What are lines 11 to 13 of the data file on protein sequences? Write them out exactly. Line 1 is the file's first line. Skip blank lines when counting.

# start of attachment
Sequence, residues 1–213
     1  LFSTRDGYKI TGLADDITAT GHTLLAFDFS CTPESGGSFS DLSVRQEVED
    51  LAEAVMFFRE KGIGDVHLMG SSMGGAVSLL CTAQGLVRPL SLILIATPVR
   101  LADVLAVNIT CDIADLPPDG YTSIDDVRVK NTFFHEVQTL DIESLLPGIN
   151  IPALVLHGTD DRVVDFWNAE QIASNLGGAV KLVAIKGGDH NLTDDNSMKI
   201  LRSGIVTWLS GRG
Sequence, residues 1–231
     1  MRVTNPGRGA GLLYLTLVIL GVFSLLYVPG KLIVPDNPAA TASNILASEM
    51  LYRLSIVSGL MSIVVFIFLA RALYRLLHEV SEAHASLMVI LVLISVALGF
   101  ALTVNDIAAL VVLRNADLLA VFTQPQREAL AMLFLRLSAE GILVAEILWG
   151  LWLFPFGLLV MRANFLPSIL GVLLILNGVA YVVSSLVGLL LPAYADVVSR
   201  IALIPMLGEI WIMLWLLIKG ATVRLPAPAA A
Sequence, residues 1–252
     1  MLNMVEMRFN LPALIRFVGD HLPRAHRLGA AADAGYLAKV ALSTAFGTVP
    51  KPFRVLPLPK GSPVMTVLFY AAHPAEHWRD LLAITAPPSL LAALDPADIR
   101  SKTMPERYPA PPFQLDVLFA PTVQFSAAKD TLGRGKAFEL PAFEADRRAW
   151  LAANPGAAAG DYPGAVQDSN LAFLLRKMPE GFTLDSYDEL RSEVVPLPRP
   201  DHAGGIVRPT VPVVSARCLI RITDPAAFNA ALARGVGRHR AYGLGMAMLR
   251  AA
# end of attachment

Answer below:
   151  LWLFPFGLLV MRANFLPSIL GVLLILNGVA YVVSSLVGLL LPAYADVVSR
   201  IALIPMLGEI WIMLWLLIKG ATVRLPAPAA A
Sequence, residues 1–252